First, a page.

New Historian

New Martyr's Crypt Discovered in Bulgaria

Martyr's crypt in Bulgaria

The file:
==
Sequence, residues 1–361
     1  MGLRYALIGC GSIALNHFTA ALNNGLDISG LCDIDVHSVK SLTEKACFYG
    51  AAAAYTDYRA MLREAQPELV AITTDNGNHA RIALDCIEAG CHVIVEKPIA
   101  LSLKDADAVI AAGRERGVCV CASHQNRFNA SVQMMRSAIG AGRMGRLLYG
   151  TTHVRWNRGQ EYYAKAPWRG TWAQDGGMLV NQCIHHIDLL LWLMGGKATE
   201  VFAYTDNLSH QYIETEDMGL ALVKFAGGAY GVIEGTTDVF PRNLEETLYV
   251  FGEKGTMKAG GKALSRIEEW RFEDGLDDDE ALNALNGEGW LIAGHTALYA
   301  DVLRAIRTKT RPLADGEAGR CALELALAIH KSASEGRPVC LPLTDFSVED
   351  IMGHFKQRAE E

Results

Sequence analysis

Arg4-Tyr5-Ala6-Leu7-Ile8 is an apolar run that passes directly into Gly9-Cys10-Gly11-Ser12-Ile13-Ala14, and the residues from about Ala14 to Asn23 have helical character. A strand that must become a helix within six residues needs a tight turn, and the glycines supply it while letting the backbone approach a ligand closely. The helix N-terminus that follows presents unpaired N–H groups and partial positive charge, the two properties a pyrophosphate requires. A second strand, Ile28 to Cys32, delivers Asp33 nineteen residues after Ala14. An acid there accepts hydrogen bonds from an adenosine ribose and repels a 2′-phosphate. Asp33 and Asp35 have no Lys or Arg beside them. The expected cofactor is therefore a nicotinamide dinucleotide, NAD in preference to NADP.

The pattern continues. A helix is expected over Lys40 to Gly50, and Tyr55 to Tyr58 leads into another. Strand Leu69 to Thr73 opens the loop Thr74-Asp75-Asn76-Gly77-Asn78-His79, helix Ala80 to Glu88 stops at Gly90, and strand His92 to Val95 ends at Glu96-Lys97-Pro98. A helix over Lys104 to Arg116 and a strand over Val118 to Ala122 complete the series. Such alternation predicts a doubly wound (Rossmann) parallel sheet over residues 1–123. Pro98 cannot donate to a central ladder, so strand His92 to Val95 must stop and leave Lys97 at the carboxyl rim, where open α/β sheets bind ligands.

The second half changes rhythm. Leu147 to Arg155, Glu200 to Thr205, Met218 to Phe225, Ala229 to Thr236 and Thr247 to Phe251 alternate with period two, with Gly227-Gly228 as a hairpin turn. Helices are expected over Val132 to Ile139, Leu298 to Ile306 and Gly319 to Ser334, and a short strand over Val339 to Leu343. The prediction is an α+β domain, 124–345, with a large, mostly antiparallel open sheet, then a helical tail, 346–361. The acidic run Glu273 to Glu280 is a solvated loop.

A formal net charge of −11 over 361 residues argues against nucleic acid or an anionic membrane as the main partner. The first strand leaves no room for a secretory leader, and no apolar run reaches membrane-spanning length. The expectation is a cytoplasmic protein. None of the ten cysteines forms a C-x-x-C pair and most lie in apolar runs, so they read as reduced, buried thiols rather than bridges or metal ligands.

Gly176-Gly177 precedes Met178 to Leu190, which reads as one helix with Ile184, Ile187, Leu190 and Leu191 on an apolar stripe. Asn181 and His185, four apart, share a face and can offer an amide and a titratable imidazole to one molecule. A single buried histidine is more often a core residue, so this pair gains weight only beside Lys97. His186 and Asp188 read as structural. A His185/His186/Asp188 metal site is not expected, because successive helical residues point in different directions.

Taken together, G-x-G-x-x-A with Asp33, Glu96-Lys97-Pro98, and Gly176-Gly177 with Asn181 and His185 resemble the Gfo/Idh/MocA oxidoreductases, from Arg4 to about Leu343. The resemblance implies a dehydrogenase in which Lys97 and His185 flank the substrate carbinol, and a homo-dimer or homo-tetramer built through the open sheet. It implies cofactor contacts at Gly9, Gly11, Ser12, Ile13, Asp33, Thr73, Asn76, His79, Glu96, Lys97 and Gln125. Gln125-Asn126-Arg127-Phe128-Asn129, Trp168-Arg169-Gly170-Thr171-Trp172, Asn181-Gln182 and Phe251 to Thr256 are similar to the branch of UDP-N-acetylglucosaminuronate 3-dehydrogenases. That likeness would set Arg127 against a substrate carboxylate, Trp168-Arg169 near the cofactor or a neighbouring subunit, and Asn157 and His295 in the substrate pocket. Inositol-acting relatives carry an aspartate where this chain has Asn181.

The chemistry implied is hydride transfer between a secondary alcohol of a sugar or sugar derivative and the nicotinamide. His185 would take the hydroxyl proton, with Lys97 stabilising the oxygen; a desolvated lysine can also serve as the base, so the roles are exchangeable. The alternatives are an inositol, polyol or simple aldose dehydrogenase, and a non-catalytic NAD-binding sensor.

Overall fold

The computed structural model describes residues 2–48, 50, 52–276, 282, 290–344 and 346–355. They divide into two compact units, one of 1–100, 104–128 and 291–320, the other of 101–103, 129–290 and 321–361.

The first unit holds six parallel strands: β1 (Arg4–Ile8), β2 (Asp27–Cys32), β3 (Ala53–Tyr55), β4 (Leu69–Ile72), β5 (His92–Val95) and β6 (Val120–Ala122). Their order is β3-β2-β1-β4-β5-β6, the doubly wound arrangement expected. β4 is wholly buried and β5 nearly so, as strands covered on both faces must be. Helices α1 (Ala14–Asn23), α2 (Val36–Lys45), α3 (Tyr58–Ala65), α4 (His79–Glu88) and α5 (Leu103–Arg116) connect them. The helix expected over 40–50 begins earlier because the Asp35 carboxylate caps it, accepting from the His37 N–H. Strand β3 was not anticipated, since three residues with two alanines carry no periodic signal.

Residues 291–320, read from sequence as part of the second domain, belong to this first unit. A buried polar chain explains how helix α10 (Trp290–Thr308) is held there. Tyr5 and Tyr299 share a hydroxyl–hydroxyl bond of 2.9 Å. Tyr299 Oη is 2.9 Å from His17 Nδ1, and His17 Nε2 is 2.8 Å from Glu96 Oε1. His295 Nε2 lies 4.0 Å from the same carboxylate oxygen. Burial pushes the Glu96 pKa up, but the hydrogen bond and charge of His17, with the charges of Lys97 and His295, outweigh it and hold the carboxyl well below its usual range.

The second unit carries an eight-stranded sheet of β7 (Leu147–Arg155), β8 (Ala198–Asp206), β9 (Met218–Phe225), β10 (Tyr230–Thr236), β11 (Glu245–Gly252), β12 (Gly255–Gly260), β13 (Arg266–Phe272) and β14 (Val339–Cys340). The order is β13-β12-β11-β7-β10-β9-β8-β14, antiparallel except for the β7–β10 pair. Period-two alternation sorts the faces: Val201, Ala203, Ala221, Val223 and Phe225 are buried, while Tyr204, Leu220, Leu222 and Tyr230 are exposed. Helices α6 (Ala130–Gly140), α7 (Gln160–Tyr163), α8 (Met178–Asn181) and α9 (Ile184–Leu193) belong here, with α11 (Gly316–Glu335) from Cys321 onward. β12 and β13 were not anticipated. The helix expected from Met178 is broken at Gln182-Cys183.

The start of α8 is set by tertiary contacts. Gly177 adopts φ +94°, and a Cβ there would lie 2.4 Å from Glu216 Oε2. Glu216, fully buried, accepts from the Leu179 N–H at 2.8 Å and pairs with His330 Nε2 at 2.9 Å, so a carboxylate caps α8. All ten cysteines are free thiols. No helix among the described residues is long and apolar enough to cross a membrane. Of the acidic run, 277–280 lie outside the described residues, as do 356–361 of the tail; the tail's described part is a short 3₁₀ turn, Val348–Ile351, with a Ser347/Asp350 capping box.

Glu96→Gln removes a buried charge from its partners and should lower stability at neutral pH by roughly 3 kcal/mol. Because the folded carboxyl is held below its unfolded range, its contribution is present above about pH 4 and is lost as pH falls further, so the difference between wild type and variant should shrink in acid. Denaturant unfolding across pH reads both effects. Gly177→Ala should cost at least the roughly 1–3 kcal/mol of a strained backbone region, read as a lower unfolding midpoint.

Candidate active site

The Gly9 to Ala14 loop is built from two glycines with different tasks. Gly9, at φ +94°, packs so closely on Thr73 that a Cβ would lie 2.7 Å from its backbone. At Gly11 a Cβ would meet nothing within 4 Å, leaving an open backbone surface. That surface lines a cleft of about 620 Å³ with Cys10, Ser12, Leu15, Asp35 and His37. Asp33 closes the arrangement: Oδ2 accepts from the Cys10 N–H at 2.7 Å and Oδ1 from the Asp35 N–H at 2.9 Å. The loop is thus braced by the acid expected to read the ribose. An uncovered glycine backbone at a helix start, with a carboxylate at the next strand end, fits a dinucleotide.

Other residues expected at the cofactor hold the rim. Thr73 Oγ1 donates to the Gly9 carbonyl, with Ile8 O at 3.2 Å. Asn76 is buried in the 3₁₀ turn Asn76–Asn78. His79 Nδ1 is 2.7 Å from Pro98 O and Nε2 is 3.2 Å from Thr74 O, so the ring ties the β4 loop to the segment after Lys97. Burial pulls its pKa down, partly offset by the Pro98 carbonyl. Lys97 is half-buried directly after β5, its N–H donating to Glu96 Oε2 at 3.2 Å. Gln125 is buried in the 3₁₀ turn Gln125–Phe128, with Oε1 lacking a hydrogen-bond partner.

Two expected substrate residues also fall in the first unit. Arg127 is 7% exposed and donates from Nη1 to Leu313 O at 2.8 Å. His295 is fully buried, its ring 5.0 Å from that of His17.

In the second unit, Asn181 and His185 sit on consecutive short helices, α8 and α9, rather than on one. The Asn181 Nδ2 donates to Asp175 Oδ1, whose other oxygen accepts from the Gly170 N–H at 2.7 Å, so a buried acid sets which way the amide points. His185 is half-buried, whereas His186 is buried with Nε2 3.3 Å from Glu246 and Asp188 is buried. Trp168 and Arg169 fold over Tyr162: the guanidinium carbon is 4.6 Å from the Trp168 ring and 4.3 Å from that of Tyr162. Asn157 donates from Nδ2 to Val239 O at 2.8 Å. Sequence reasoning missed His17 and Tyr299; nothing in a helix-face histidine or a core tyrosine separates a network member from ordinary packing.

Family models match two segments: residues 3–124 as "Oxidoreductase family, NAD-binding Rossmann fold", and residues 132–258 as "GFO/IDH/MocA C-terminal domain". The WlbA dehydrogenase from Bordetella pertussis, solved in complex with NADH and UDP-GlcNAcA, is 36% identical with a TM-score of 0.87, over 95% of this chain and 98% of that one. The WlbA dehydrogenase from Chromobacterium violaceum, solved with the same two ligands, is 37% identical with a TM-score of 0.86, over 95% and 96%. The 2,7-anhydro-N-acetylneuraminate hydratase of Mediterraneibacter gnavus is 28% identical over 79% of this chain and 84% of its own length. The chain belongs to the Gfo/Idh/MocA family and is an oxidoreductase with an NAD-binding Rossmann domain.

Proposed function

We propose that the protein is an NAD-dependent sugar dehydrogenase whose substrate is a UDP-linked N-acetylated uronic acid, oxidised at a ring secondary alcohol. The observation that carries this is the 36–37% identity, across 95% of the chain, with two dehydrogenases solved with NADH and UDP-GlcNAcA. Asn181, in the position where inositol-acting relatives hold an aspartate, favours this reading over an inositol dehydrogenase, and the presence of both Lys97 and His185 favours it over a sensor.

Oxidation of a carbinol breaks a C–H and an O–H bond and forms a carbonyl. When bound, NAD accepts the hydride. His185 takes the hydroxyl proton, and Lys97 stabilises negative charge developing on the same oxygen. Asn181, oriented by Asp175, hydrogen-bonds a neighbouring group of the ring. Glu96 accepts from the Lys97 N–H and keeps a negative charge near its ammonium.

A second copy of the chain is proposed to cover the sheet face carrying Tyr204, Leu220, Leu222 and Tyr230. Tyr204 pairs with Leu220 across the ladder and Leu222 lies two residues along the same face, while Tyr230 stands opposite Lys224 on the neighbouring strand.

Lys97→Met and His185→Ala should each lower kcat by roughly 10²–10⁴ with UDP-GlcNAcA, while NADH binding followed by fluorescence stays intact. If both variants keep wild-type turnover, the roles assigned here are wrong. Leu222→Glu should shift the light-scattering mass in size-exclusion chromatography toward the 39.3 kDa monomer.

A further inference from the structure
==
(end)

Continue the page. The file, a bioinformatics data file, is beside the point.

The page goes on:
<![CDATA[A newly-discovered Christian crypt has been unearthed in Dobrich in the northeastern region of Bulgaria – notable for its large size, according to the Bulgarian News Agency. Dating to the 5th century CE, the crypt was discovered beneath a basilica that was unearthed at the same site in 2014. Researchers reported that the crypt is one of the largest of its types ever discovered in the entire Balkan Peninsula, as it measured 3.8 meters long as well as 2.5 meters high and wide. It was common for basilicas to be constructed over crypts in the case of martyrs being interred below, which leads the researchers to believe that at least one martyr was interred beneath. The crypt itself, which had been sealed with stone slabs, bears evidence of being breached at least once in the past – the archaeology team’s best guess is that this occurred sometime during the 10th century CE. The basilica itself, which held more than 1,000 marble details, was patterned after other early Christian churches constructed along the coast of the Black Sea. Kostadin Kostadinov, the Dobrich Regional Historical Museum’s director, told Bulgarian National Television that so far the crypt has been an impressive find, even in its only partially-excavated state. Material is still being removed from the crypt, and hopes are high that the researchers will be able to find an inscription on any tombs within to reveal the identity of anyone interred within. The basilica and crypt were likely constructed during the late 4th century to early 5th century CE as part of the largest late Roman and later Byzantine fortified settlement in the region, close to the modern town of Abrit. Known as Zaldapa, the town and its fort spread across a 35 hectare area and is largely considered to have been quite densely populated. Zaldapa is thought to have been founded in around the 8th century BCE by Thracians, only to expand significantly after the Romans expanded into Thrace. At one time the seat of short-lived episcopate, Zaldapa also has the distinction of being the epicenter of the largest rebellion that Emperor Justinian I the Great had to deal with during his reign. Zaldapa was indeed a formidable fortress town, with a curtain wall that blocked access from the south adorned with more than 30 towers, three main gates, and an additional pair of secondary gates. The main gate is a strong example of siege defense engineering, focusing on isolating, trapping and disabling attackers. Unfortunately, despite its formidable defenses, Zaldapa was invaded and sacked repeatedly from the 6th century through the 7th century, eventually leading to its destruction and paving the way for the basilica and the crypt to be breached centuries later – likely by treasure hunters. More information about the crypt and its contents will be released by the state-run news agency as it is revealed to archaeologists. ]]>

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